“Spiderman,” “The Fantastic Four,” and “Heroes” Will Not be Airing in Reality

April 12, 2010 • Posted in Engineering Humans

Melanie Unruh, R.N., B.S.N.
Intern, The Tennessee Center for Bioethics and Culture

November 2007

I admit it. I am a science fiction freak. Although I have never been a reader of comic books, recent movies such as “Spiderman” and “The Fantastic Four,” and the ideas behind the popular television series “Heroes” fascinate me.  As schools have taught that man is the product of genetic evolution, movies and television shows capitalize on this culture, encouraging the idea that we will soon be able to control our own evolution. Most commonly, cultural genetics portrays random mutations or engineered genes as the source of superhuman abilities. But is the genetic manipulation and enhancement of mankind future fact or fiction?

To achieve human enhancement through genetic engineering, what would be required? We would need to have comprehensive knowledge of the human genome and its functioning.   We would also need to have an efficient and safe way of altering the human genome.

The completion of the initial sequencing of the human genome was announced in 2000 by the Human Genome Project and by Celera Genomics Corporation.  At that time it seemed our genetic futures lay within our grasp, but genetic information has since proven to be more complex. Researchers have found that individual genes can contribute to more than one trait. Recent research shows that sections of DNA previously thought to be simply “filler” or “junk” DNA may actually serve as complex regulatory elements in gene expression and protein production. 

Dr. Francis Collins, director of the Human Genome Project, admits that this new information will require the scientific community “…to rethink some long-held views about what genes are and what they do, as well as how the genome’s functional elements have evolved.” Yet even if we do achieve comprehensive knowledge of the human genome, would that give us the power to enhance humankind?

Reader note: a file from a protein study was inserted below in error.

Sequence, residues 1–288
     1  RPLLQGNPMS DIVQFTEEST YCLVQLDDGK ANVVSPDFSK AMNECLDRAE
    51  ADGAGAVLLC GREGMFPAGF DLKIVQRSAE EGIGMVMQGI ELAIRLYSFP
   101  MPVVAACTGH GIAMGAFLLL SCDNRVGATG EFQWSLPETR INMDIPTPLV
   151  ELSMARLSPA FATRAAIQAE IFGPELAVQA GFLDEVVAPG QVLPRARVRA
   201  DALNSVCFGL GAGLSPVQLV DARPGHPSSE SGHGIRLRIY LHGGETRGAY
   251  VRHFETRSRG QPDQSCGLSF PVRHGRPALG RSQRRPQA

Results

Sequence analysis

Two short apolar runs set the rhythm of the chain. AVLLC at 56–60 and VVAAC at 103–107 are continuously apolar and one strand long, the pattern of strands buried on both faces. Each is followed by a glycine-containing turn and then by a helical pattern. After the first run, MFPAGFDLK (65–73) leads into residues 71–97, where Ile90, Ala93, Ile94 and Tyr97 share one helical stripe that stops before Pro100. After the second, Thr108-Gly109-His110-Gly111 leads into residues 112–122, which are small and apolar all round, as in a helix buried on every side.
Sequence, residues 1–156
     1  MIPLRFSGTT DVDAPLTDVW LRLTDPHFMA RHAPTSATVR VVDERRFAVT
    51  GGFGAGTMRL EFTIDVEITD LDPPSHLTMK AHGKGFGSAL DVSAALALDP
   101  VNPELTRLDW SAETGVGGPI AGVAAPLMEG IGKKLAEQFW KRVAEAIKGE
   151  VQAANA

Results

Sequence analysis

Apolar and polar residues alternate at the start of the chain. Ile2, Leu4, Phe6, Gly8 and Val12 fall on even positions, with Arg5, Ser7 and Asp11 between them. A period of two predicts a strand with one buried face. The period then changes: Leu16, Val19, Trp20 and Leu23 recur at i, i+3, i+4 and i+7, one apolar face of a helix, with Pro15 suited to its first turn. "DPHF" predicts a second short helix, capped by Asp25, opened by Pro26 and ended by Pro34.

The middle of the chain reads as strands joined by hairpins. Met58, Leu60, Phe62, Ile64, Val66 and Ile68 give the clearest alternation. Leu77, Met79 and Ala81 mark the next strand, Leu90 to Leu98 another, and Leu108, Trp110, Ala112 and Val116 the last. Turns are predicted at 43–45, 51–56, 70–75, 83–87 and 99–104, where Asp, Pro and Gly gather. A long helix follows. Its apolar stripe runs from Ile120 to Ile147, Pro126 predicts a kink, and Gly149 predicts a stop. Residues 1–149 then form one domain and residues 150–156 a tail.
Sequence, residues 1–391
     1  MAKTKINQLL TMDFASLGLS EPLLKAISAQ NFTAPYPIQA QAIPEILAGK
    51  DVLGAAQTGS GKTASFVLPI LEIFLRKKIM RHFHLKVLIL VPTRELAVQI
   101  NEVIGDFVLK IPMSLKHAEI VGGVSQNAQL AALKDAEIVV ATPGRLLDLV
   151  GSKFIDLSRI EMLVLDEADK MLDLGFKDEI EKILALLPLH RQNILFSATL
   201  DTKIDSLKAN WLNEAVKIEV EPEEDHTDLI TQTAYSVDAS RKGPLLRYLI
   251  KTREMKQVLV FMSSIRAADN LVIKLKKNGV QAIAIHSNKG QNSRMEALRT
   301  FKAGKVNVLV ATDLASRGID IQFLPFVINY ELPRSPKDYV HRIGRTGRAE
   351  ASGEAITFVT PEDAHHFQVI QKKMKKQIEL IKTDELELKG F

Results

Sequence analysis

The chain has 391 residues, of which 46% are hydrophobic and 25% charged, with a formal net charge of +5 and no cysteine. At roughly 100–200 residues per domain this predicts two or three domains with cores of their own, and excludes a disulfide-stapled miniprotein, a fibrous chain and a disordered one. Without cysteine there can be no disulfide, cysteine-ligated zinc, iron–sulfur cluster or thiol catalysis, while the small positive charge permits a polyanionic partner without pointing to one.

In addition to comprehensive knowledge of the human genome, we would need an efficient and safe way of changing individual genes or delivering new genes. There are two general ways this could be done: genetic therapy, and germline engineering. The goal of genetic therapy is to deliver a correctly “spelled” gene to an individual’s cells, usually using modified viruses as the carriers. Clinical trials for gene therapy have been underway since 1990. Success was seen in 2002 in the treatment of severe combined immunodeficiency disease, but the treatment later activated a cancer-causing gene. Because of these results, the FDA temporarily halted genetic therapy trials. 

More recently the July, 2007 death of Jolee Mohr, who was participating in a phase I/II study of recombinant genetic therapy for inflammatory arthritis by Targeted Genetics Corporation, has raised concerns again about the safety of gene therapy. Even if gene therapy some day proves to be safe, it generally only affects certain tissues, and the likelihood of its becoming a permanent solution for genetic diseases seems distant at best.

To alter permanently the genetic structure of every cell in a human body, the most likely method  would be germline engineering. This technique alters the genetic structure of germline cells (egg, sperm) or of an embryo. To effect one genetic change in a single human embryo would be an extremely complicated process.  Dr. Jon W. Gordon, researcher and author of The Science and Ethics of Engineering the Human Germ Line: Mendel’s Maze, examines this question. To gain one genetically altered cell would require thousands of stem cells to manipulate. These would necessitate, by Dr. Gordon’s estimate, at least 250 embryos created for this purpose.  After manipulation and identification, statistically one stem cell will have incorporated the new gene. The nucleus of this cell would then be inserted into an emptied egg and stimulated to grow into an embryo, creating a cloned embryo with the new genetic structure. After this lengthy process, there is no guarantee that the embryo would develop correctly, or that some other genetic mutation might not occur as a result of both the gene delivery and cloning process. 

So will the future see enhanced humans with the abilities of Spiderman or the villainy of Syler? Will the genetic manipulation and enhancement of humankind be more than television fiction? Most likely not. While scientific advances may surprise us, the monumental obstacles genetic engineering faces in safety and efficacy alone preclude the mass engineering of the human race. Even so, will we attempt it? And what risks are we willing to take? As research in stem cells, cloning, and genetics continues, what safeguards will we put in place to protect people? The desire to create the superhuman has been seen in our recent history. How far will we allow our dreams and desires for a disease-free and empowered human race to lead us? And who will pay the price along the way?